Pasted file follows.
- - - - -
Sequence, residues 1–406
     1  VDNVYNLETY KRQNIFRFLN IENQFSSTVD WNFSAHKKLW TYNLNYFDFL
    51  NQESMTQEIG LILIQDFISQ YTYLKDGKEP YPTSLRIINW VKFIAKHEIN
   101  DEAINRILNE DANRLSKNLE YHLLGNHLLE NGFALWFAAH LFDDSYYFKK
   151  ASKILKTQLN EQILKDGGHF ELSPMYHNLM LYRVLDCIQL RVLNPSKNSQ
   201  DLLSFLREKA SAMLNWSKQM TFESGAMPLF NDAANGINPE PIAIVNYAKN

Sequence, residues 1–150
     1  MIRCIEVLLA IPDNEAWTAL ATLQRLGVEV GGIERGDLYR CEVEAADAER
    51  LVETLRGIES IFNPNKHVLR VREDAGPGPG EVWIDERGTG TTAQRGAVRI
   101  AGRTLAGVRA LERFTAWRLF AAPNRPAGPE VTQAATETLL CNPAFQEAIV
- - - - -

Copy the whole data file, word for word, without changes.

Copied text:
Sequence, residues 1–406
     1  VDNVYNLETY KRQNIFRFLN IENQFSSTVD WNFSAHKKLW TYNLNYFDFL
    51  NQESMTQEIG LILIQDFISQ YTYLKDGKEP YPTSLRIINW VKFIAKHEIN
   101  DEAINRILNE DANRLSKNLE YHLLGNHLLE NGFALWFAAH LFDDSYYFKK
   151  ASKILKTQLN EQILKDGGHF ELSPMYHNLM LYRVLDCIQL RVLNPSKNSQ
   201  DLLSFLREKA SAMLNWSKQM TFESGAMPLF NDAANGINPE PIAIVNYAKN

Sequence, residues 1–150
     1  MIRCIEVLLA IPDNEAWTAL ATLQRLGVEV GGIERGDLYR CEVEAADAER
    51  LVETLRGIES IFNPNKHVLR VREDAGPGPG EVWIDERGTG TTAQRGAVRI
   101  AGRTLAGVRA LERFTAWRLF AAPNRPAGPE VTQAATETLL CNPAFQEAIV